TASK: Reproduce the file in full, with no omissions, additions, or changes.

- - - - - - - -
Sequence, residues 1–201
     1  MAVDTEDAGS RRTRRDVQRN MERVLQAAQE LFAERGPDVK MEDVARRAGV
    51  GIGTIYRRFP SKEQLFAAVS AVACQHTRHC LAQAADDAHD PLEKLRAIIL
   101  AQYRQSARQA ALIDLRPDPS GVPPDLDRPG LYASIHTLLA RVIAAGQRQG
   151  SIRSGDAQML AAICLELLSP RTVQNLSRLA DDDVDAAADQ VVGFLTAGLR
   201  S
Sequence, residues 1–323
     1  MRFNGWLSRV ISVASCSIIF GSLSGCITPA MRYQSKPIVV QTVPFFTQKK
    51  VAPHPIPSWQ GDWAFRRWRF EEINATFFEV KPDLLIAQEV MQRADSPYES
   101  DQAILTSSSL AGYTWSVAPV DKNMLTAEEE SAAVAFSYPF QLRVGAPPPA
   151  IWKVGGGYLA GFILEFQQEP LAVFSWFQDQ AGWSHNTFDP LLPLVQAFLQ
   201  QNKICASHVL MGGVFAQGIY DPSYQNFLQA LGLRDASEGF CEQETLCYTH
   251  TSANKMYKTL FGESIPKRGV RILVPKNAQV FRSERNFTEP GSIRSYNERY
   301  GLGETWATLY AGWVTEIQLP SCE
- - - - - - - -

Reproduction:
Sequence, residues 1–201
     1  MAVDTEDAGS RRTRRDVQRN MERVLQAAQE LFAERGPDVK MEDVARRAGV
    51  GIGTIYRRFP SKEQLFAAVS AVACQHTRHC LAQAADDAHD PLEKLRAIIL
   101  AQYRQSARQA ALIDLRPDPS GVPPDLDRPG LYASIHTLLA RVIAAGQRQG
   151  SIRSGDAQML AAICLELLSP RTVQNLSRLA DDDVDAAADQ VVGFLTAGLR
   201  S
Sequence, residues 1–323
     1  MRFNGWLSRV ISVASCSIIF GSLSGCITPA MRYQSKPIVV QTVPFFTQKK
    51  VAPHPIPSWQ GDWAFRRWRF EEINATFFEV KPDLLIAQEV MQRADSPYES
   101  DQAILTSSSL AGYTWSVAPV DKNMLTAEEE SAAVAFSYPF QLRVGAPPPA
   151  IWKVGGGYLA GFILEFQQEP LAVFSWFQDQ AGWSHNTFDP LLPLVQAFLQ
   201  QNKICASHVL MGGVFAQGIY DPSYQNFLQA LGLRDASEGF CEQETLCYTH
   251  TSANKMYKTL FGESIPKRGV RILVPKNAQV FRSERNFTEP GSIRSYNERY
   301  GLGETWATLY AGWVTEIQLP SCE